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The Worm in Teacher’s Apple

Nov 11, 2008
Here’s how bad it’s gotten. The United States is the “only industrialized country in the world in which today’s young people are less likely than their parents to have completed high school.”1 In other words, as far as educating ourselves, we peaked during the last generation and are now on our way downhill.

Furthermore, over one in three African-American and Hispanic students fail to graduate high school on time, and overall graduation rates for these populations are abysmal, in some cases under 50 percent.

The report from The Education Trust entitled Counting On Graduation indicates the wide range of expectations set by the states for graduation rates, and the ridiculously low goals they establish for improvements. This latter is owing to a weakness in the No Child Left Behind law which leaves to the states the setting of minimum graduation rate improvements to be met annually. In some cases, the annual targets, if met each year, would not raise graduation rates to their ultimate goals until sometime well after 2100.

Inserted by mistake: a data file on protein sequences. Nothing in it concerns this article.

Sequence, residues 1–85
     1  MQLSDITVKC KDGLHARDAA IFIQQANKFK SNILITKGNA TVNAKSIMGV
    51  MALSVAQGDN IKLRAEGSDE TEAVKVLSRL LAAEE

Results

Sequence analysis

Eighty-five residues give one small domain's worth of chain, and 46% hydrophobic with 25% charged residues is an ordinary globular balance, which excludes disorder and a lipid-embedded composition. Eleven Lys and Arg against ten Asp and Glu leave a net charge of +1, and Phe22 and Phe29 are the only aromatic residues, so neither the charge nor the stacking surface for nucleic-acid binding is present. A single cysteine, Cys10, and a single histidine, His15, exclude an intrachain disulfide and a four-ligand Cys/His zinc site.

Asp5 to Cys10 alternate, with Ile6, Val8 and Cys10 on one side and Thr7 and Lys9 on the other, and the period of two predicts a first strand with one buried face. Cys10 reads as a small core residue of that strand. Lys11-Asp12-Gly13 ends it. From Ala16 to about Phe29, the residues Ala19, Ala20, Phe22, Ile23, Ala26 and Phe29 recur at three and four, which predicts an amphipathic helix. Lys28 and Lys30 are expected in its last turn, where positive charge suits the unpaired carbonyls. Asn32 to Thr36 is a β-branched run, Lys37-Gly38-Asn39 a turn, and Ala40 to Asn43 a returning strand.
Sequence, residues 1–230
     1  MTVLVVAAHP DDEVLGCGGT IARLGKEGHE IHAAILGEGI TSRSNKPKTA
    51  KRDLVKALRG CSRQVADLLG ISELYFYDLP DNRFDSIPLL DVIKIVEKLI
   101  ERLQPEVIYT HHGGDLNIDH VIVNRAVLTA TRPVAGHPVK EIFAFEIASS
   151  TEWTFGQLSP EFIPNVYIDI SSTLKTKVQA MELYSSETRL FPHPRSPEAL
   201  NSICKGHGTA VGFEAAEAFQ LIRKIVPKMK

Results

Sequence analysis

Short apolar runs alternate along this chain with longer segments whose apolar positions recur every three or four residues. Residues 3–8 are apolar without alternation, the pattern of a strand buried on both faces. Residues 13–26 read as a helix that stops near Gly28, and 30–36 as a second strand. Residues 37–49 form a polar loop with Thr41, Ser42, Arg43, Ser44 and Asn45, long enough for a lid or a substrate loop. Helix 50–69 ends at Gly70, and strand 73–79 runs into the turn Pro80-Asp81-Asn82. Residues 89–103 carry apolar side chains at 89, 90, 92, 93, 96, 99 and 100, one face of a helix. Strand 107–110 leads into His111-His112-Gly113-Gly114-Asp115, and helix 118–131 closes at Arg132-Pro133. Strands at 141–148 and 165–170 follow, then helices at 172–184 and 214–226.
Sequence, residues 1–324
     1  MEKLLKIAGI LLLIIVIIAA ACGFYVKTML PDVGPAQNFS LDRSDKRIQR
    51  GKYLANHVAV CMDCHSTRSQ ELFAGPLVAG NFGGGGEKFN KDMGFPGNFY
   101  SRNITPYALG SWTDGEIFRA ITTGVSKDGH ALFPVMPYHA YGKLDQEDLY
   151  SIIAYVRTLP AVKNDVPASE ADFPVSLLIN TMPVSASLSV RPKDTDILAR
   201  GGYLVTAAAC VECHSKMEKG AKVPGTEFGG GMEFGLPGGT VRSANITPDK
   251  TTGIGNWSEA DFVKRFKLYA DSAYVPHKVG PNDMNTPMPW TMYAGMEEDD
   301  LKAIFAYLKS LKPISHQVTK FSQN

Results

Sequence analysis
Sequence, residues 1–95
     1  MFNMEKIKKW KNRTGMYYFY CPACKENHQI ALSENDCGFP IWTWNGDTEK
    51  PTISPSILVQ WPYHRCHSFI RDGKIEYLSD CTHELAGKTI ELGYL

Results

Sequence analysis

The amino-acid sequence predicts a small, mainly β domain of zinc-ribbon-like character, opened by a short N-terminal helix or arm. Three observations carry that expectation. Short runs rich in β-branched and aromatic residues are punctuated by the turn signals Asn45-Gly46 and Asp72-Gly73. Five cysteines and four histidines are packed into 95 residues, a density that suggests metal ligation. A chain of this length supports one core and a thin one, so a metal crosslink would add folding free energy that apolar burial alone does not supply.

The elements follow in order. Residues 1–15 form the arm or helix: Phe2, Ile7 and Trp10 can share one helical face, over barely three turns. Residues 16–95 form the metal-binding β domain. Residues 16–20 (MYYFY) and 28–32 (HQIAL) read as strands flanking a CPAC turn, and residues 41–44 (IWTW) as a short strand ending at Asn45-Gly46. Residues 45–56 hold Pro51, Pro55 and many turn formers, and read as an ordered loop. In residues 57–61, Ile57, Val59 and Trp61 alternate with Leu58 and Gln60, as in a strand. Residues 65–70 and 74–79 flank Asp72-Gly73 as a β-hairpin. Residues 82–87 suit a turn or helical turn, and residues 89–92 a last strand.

The numbers game is not a game, and the next administration will, to our peril, treat education in as cavalier and cynical a manner as the last one has. Neglected human capital winds up in jail, on the streets, on the dole, and in emergency rooms, costing us enormous big bucks out of our pockets, not to mention the unwritten words, the unimagined artifacts, and the stillborn insights which, had we treasured and nourished one another’s potential as we ought, might have accrued to the welfare and delight of us all.
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1 Counting on Graduation, by Anna Habash, from the Education Trust, quoting OECD, Education at a Glance 2007: OECD Indicators, Indicate A1, Table A1.2a (Accessed October 29, 2008)
tags: Education | Governance

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